About 16 hours prior to me writing this, the Guardian announced that for the first time in memory, a newspaper had been prevented from reporting on a political question being raised in Parliament. The article, which can be found here, announces:
"Today's published Commons order papers contain a question to be answered by a minister later this week. The Guardian is prevented from identifying the MP who has asked the question, what the question is, which minister might answer it, or where the question is to be found.
The Guardian is also forbidden from telling its readers why the paper is prevented – for the first time in memory – from reporting parliament. Legal obstacles, which cannot be identified, involve proceedings, which cannot be mentioned, on behalf of a client who must remain secret."
Unfortunately for the parties involved in the legal gagging, the Guardian were allowed to mention the name Carter-Ruck, the legal organisation involved. A quick browse of the Wikipedia page immediately unveils the company involved: Trafigura.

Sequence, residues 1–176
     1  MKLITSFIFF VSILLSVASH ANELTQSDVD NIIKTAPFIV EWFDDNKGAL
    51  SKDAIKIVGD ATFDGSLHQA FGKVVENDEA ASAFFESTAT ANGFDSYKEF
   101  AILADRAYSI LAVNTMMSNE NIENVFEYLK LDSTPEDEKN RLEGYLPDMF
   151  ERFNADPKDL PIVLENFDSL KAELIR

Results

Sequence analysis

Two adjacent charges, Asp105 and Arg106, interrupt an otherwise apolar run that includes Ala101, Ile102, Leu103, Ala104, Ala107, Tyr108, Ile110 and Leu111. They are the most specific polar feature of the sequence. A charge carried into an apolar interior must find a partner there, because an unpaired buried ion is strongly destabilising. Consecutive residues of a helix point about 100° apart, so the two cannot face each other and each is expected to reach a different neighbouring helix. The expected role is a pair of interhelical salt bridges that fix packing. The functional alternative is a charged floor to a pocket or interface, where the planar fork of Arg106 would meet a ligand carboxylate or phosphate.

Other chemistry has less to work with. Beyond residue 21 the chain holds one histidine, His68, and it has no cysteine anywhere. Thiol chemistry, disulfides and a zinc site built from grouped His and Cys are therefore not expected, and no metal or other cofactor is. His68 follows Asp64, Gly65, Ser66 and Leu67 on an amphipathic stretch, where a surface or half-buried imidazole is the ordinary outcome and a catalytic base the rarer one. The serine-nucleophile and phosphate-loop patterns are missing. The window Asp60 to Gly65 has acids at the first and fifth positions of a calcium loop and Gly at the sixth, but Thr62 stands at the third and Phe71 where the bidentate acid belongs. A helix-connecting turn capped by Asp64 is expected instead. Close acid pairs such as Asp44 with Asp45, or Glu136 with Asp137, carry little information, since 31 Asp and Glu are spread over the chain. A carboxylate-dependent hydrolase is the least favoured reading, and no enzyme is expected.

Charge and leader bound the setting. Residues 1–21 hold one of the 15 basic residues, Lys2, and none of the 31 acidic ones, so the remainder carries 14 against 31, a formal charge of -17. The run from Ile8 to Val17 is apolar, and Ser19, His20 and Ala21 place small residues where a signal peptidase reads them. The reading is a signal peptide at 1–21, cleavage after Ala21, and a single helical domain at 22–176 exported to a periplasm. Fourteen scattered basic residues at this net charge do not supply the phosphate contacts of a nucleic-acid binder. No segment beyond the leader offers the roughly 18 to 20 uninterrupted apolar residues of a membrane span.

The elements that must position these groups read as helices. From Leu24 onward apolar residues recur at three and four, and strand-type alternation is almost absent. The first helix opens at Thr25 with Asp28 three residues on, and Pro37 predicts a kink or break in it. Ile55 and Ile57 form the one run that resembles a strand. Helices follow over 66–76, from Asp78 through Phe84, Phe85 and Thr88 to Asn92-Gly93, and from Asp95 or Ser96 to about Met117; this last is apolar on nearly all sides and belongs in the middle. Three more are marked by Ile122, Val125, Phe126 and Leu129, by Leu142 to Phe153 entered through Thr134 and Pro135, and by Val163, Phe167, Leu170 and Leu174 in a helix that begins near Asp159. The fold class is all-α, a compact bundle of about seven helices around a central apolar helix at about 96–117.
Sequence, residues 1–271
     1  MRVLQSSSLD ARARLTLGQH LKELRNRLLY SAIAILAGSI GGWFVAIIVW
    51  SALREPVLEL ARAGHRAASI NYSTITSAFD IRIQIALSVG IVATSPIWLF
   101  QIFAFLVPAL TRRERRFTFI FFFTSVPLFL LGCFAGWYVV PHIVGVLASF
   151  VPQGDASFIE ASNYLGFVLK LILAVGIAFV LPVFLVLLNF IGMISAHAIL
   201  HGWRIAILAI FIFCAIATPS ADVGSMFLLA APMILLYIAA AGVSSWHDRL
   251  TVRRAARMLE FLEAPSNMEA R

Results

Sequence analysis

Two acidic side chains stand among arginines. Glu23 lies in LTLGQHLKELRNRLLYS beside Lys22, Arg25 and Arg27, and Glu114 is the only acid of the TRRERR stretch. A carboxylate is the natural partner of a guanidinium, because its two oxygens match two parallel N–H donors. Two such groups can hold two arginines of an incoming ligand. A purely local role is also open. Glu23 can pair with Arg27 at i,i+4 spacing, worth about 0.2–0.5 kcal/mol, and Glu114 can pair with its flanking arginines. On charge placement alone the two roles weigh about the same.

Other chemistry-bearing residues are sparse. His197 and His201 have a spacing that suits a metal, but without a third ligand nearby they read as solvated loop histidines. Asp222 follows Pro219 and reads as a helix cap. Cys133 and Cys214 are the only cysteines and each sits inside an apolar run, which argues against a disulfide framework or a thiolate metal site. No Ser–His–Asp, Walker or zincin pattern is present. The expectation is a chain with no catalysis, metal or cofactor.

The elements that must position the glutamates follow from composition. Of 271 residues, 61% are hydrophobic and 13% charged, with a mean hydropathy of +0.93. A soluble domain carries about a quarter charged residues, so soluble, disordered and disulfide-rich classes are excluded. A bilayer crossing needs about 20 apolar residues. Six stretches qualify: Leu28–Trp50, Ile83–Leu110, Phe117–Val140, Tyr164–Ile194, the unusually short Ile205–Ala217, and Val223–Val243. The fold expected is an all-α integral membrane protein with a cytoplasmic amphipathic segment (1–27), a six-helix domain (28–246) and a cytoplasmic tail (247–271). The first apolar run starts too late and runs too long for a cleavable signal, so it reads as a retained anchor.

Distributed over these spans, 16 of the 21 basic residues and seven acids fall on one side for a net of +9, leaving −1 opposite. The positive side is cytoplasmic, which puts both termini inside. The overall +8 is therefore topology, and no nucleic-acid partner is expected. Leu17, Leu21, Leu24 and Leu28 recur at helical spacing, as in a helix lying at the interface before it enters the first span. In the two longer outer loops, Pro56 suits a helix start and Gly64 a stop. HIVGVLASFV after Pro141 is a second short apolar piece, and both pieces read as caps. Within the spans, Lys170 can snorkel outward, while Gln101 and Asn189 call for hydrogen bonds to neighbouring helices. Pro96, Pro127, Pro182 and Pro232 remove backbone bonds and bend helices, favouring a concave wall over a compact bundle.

For those that don't know, Trafigura are the company involved in the dumping of toxic waste just off the Ivory Coast, resulting to injuries to at least 100,000 West African citizens.
The public took to Twitter in protest, supported by a huge number of celebrities.
Within the last hour or so, the gagging order has been lifted on the Guardian, but it is certainly debatable whether less damage would have been done if the company had simply allowed the free speech of the press in the first place.
However, the result still stands as an important day for democracy, and those involved should be very proud of themselves. They may have just changed history today.